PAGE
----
“It goes without saying that any part of the world in which the creation of such a homeland would be politically possible would be to a greater or lesser extent marginal in the economic sense. Many proposals have been made for large-scale colonization in areas such as Lower California, Madagascar, or the Guianas, but the possibilities of settlement in these areas do not appear sufficient to warrant the belief that the creation of a new Jewish homeland in any of them would be practicable.
“Of the less developed areas of the world, Africa appears to offer the greatest hope of future development and the satisfactory maintenance of a greatly increased population. Of the areas in Africa suitable for large-scale white colonization, Angola appears to offer by far the most favorable physical, climatic and economic opportunities.[Page 68]
“You may recall that creation of a Jewish homeland in Angola was actively considered in 1912 and 1913 and that a Jewish Colonization Bill concerning Angola was passed unanimously by the Portuguese Chamber of Deputies in 1912. The fact that nothing further came of the project is attributable to various causes, including lack of sufficient organization and the outbreak of the World War, but it does not appear that any question as to the suitability of the area was involved.
“I believe that the actual problem of Jewish refugees from Germany and the threatened problem of involuntary Jewish emigration from other European countries requires an early and determined effort to create a supplemental homeland for that people. I should appreciate your opinion, after you have discussed the matter in the strictest confidence with Lord Winterton17 and the Prime Minister, as to the practicability of creating it in Angola along the following lines:
“Dr. Salazar18 has on various occasions stated that Portugal would never consider the transfer, by sale or otherwise, of any part of its colonial empire to any other Power. By the creation of a Jewish homeland in Angola, however, it would not become a part of any other colonial empire but rather an autonomous and perhaps eventually independent State. Portugal would not become the victim of the imperialism of any other Power but could, if it desired, make an immeasurable contribution to the cause of humanity and of European stability and peace.
“Portugal would naturally be entitled to just compensation for the area, which might take the form of a substantial initial payment by such Powers as might wish to contribute to this cause and additional annual payments over a period of years from the revenues of the new State. Portugal would retain sovereignty over the area until that period had elapsed. The revenue which Portugal would receive from such an undertaking would far exceed any revenue which it has yet received from Angola or which it might expect to receive at the present rate of development. The Portuguese Government could, in making a magnificent contribution to human welfare and world tranquillity, assure the increased revenue so sorely needed for the advancement of the people of Portugal and the development of their fatherland. Creation of a new Jewish homeland in Angola would undoubtedly increase both the prosperity of the present inhabitants of the colony and its trade with Portugal.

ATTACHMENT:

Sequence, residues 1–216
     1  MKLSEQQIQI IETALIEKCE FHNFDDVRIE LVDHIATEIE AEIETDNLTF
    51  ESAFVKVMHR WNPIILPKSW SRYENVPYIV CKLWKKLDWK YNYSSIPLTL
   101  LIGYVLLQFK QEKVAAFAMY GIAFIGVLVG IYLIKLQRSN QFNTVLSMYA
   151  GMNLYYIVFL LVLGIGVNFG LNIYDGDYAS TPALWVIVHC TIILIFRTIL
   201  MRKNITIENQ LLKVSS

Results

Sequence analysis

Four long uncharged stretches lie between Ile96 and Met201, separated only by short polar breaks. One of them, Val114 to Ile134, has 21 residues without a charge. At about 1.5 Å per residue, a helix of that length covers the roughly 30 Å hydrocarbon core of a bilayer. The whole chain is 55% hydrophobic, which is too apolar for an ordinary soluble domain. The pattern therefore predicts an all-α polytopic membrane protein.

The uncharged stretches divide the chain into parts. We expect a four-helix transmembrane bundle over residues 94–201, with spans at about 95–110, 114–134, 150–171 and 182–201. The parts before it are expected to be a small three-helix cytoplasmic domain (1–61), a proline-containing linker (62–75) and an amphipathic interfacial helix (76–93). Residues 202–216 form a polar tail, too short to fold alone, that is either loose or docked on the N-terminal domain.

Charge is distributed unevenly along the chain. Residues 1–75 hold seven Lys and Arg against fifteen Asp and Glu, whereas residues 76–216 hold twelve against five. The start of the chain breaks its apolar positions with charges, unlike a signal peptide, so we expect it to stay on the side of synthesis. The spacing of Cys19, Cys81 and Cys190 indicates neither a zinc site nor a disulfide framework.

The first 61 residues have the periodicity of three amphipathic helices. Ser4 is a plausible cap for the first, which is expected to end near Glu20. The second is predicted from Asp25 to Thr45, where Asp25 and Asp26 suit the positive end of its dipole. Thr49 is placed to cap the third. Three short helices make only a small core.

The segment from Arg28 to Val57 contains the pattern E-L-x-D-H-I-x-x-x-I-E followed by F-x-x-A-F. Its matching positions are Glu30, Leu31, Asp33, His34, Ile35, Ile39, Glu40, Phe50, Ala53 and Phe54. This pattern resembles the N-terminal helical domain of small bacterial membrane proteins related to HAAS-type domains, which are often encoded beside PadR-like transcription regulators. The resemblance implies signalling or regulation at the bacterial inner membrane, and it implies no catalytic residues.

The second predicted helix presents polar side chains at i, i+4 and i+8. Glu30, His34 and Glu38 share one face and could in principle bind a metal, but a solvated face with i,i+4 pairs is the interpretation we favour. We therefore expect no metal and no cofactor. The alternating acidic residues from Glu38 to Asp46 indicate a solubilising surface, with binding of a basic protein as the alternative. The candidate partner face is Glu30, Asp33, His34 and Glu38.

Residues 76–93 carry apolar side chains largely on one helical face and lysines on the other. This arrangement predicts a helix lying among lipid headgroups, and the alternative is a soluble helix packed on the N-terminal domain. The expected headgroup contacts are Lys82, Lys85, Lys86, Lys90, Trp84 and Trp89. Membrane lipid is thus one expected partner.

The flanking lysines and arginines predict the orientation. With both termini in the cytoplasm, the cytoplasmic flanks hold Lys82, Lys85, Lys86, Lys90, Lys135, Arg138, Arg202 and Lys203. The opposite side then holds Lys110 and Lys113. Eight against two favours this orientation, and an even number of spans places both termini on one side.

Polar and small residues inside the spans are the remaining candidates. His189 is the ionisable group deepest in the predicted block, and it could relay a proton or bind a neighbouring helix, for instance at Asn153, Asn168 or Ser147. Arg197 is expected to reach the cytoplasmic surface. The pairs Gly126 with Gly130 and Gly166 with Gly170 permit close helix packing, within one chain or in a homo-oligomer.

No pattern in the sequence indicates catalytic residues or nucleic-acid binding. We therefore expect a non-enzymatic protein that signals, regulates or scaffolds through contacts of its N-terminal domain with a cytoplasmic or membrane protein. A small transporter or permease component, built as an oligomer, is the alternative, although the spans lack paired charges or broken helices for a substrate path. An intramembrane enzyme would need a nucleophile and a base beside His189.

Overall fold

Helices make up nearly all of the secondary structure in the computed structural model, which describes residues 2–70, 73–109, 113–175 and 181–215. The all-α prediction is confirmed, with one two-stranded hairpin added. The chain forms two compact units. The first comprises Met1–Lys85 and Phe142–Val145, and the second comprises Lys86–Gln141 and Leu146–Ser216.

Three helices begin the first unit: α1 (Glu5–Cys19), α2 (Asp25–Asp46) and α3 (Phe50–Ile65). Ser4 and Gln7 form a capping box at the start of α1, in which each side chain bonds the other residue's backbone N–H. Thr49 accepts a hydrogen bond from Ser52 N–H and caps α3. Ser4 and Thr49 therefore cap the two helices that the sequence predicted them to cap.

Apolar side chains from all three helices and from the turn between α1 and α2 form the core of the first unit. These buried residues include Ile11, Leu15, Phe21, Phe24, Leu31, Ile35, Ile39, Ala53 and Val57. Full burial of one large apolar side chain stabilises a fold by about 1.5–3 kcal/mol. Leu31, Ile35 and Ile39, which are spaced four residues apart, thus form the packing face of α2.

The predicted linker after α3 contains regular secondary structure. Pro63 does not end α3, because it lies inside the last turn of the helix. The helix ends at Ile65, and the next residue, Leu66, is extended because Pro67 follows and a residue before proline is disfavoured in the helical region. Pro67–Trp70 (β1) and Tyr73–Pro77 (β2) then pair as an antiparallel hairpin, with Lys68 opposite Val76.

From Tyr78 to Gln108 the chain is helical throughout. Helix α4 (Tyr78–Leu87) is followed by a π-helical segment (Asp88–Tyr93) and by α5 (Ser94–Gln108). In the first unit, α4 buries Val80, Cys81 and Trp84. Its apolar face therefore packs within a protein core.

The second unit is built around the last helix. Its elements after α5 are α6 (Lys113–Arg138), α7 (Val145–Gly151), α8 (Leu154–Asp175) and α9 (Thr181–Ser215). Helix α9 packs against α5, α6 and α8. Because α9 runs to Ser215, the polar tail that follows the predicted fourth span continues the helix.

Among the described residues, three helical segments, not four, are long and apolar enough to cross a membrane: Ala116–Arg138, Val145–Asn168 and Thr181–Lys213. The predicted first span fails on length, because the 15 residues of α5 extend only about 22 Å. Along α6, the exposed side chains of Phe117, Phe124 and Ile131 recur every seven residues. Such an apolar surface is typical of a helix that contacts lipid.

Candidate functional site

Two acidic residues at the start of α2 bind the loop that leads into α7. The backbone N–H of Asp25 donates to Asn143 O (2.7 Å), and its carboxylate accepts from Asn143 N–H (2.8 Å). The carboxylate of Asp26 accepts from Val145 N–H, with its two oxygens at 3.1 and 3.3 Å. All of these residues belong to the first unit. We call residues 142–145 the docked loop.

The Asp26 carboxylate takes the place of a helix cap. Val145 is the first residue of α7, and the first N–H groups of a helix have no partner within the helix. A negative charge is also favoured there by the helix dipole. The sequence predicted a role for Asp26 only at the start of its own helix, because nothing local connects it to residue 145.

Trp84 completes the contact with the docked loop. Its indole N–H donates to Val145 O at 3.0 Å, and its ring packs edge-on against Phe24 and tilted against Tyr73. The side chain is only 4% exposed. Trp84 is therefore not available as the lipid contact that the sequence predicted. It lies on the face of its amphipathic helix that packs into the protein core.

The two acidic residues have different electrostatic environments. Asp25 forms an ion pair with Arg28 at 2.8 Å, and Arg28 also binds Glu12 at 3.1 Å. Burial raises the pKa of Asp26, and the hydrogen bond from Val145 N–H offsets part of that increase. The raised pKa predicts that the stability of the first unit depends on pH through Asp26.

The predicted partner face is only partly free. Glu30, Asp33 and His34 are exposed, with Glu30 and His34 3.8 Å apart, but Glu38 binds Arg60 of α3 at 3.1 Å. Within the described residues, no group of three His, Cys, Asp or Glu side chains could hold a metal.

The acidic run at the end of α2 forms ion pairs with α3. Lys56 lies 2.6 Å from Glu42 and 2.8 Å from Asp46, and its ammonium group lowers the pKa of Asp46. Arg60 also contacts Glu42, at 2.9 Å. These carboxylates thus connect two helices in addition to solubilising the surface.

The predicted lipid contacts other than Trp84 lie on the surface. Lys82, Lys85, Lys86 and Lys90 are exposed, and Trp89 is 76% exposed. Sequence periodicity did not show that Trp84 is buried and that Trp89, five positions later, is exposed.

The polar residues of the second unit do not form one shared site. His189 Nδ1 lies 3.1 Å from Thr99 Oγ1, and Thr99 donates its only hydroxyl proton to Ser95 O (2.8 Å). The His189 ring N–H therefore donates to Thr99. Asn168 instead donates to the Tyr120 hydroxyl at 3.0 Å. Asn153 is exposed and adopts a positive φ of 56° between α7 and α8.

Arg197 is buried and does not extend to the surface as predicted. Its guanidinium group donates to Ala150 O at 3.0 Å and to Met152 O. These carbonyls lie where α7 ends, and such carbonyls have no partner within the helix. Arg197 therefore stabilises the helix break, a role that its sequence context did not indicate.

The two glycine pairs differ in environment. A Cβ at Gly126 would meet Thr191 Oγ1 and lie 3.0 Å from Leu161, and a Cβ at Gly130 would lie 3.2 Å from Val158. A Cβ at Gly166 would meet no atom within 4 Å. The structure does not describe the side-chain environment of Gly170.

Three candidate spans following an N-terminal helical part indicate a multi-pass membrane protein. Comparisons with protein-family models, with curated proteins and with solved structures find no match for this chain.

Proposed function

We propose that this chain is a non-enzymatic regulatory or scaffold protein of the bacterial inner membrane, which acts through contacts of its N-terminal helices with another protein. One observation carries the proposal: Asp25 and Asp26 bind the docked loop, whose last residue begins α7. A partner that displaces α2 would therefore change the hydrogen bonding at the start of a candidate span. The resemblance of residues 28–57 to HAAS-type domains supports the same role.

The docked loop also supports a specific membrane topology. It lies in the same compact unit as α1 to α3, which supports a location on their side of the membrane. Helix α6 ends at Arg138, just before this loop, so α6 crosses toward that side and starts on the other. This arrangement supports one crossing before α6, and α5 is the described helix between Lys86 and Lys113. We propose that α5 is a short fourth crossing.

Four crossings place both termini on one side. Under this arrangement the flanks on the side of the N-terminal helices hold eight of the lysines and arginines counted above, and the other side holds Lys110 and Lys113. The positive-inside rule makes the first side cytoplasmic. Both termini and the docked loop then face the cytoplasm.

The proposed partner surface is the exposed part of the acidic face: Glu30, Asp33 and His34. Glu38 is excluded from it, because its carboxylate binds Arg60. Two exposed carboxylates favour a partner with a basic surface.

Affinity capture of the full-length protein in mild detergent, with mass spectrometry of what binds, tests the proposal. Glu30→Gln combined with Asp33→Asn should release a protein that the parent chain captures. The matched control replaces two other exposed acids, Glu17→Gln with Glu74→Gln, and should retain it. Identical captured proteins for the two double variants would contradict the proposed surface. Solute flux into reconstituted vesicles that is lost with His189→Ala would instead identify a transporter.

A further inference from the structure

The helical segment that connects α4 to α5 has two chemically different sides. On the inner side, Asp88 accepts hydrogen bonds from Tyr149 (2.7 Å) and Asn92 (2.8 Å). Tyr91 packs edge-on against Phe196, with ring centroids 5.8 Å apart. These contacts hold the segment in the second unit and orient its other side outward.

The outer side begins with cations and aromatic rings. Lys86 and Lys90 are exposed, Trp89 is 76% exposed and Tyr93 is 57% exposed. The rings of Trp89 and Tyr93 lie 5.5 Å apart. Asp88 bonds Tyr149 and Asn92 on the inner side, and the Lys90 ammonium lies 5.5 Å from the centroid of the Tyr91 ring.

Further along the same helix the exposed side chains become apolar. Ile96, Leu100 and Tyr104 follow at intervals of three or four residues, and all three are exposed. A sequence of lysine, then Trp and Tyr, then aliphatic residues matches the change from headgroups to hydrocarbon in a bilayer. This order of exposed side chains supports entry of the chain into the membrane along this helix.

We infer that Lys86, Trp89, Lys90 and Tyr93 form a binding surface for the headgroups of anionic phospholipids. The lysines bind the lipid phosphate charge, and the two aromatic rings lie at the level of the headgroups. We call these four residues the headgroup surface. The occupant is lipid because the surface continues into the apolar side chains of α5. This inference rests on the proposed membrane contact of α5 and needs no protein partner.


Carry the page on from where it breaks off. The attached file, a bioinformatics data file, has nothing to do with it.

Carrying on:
“The successful carrying out of such an undertaking would make Dr. Salazar one of the greatest figures in the history of his country and of our times.[Page 69]
“Naturally such an undertaking would require the most careful preparation and detailed planning. I have merely outlined my ideas to you in order that you may discuss them with Prime Minister Chamberlain and, if you and he share my views, with Dr. Salazar. Should you deem it advisable to discuss the matter with Dr. Salazar at this time, it occurs to me that you might proceed from England to Italy by boat after the forthcoming meeting of the Intergovernmental Committee, stopping off in Lisbon for the purpose.
“I cannot emphasize too strongly the importance which I attach to the creation of a supplemental Jewish homeland as a step essential to the solution of the Jewish problem or my belief that Angola offers the most favorable facilities for its creation.”